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20-40-60 Etiquette---What if they ask me if they are invited?

by Helen Ford Wallace Published: January 20, 2013



By Callie Gordon, Lillie-Beth Brinkman, Helen Ford Wallace

QUESTION: What if someone hears that you are having a party, and you are having a party, but they are not invited, but they ask you about it? What should you say?

CALLIE’S ANSWER: Why not invite them? Have you ever been the person not invited to a party? It is not the best feeling. Be the bigger person and invite them if they ask you about it.

LILLIE-BETH’S ANSWER: Include the person if you can by saying something like, “yes, and I’d love for you to come.” However, sometimes that person isn’t on the guest list because space was limited (or another specific reason). If that’s the case, don’t go into too many details, but just explain simply why your numbers are limited (such as the honoree has too many relatives or that you are keeping this event small and intimate).


If you want to, or if it makes sense, suggest another time for you to get together with the person. It’s a sticky subject, and most of us don’t want to hurt anyone’s feelings by excluding him or her from a party, so tread lightly and keep the person’s feelings in mind.

Whether we’re kids or adults, most of us have found ourselves on both ends of that situation (having to cut a guest list and being the person cut).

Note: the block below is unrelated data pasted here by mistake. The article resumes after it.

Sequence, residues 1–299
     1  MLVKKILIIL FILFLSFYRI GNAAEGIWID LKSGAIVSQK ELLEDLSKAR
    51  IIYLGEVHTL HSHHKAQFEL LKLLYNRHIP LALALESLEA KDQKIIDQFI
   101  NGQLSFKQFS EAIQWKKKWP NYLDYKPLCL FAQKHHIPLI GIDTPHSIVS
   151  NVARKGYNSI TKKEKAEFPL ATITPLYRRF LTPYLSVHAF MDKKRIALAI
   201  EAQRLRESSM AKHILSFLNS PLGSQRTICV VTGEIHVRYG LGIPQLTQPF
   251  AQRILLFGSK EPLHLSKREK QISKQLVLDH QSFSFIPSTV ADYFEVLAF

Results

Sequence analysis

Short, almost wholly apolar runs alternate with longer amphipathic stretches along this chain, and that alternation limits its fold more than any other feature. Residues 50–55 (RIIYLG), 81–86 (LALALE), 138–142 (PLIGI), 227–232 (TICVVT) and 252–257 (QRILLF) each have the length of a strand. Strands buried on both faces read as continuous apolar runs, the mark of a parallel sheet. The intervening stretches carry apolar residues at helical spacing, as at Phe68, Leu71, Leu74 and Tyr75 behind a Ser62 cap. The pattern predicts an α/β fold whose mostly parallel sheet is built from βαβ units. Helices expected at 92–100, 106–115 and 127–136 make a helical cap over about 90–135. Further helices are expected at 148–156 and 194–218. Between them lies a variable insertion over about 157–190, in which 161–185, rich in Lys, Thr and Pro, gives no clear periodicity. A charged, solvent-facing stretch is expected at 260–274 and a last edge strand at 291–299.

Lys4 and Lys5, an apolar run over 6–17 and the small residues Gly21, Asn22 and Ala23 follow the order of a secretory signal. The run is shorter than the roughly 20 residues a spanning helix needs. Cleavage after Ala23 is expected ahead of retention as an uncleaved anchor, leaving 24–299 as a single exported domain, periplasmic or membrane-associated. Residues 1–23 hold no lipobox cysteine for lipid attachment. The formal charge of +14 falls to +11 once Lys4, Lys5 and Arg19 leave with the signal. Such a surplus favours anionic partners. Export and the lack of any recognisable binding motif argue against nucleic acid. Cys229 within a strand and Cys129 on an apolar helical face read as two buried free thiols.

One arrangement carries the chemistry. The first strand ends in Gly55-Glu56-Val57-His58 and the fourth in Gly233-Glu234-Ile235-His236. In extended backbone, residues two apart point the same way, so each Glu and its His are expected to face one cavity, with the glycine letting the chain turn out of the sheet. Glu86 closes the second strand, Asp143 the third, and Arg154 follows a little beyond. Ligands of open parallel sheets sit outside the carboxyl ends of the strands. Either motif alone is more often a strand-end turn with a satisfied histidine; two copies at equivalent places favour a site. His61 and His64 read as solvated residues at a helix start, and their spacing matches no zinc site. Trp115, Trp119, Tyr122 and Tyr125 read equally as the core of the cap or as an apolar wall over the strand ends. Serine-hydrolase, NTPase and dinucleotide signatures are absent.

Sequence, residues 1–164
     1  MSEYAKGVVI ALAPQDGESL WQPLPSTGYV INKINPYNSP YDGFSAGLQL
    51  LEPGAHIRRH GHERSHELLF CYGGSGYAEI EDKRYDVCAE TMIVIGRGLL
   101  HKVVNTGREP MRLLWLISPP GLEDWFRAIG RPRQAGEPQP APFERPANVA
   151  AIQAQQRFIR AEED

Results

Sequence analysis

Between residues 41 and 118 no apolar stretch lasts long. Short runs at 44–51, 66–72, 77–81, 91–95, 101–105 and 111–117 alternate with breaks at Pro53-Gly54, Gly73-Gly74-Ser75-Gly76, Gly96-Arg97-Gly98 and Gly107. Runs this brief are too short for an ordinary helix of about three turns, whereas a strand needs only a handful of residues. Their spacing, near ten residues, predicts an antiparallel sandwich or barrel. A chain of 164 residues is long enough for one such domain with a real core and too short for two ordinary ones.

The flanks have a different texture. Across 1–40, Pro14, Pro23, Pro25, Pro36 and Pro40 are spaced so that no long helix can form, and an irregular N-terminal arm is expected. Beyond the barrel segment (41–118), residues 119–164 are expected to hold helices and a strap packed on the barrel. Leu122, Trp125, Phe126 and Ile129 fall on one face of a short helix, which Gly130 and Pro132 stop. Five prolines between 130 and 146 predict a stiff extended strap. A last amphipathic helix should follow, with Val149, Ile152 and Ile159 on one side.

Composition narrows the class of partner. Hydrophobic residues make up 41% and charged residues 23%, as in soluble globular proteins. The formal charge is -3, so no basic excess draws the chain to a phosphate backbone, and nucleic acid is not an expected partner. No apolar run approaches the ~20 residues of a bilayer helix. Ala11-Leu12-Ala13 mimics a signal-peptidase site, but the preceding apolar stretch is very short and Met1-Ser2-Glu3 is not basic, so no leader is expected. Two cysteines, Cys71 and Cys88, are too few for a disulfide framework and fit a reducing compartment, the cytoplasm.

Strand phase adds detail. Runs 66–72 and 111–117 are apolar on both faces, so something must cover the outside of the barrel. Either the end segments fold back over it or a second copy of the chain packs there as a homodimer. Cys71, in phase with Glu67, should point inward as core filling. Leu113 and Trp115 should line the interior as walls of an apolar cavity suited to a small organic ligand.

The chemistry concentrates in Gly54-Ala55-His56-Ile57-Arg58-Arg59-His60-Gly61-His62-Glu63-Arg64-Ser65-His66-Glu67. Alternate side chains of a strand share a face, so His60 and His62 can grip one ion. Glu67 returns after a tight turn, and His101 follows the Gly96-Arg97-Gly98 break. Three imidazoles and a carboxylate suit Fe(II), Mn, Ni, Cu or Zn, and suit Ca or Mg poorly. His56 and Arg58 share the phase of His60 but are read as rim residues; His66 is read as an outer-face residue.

HELEN’S ANSWER: Party guest lists are hard. Sometimes a host is limited by the number of people they can invite or by finances.

If someone asks you why they were not invited to your party, you might explain those limitations if they are indeed the case. If you had other reasons for not inviting this particular person, I don’t think it is polite to point them out. A simple “I am sorry, but I was limited as to my guest list” should suffice.

GUEST’S ANSWER: Christina Nihira, local community volunteer and journalist: Your question does not mention what type what type of relationship you have with the host, which is the crux of how to best address this thorny situation.

Before you get upset, I think it’s important to remember not to personalize a non-invite because usually it has nothing to do with you.

If you are close pals and feel this oversight has really hurt your feelings, I am a big believer in open communication. Make a call and have an honest conversation with your friend or family member.

The majority of times, hosts suffer from party-preparation stress. That is to say, if you ask why you were not included, the answer might surprise you. Often creating the guest list is reason enough to dissuade many from holding a big get-together. It’s easy to get overwhelmed with thoughts like “if I invite him, I need to invite them” or “if they come, I can’t forget her, too.” And sometimes, names simply get left off the list. I myself have made that mistake (and later felt horrible). Others may struggle with wanting to keep things small and intimate by only inviting over one couple or family.

Life is too short to dwell on missed invites. There’s always time for another party!

Callie Gordon is twenty-something, Lillie-Beth Brinkman is in her 40s, and social columnist Helen Ford Wallace is 60-plus. To ask an etiquette question, email

by Helen Ford Wallace
Society Editor
Helen Ford Wallace is a columnist covering society-related events/news for The Oklahoman. She puts local parties online with daily updates. She creates, maintains and runs a Parties blog which includes web casts. She is an online web editor for...
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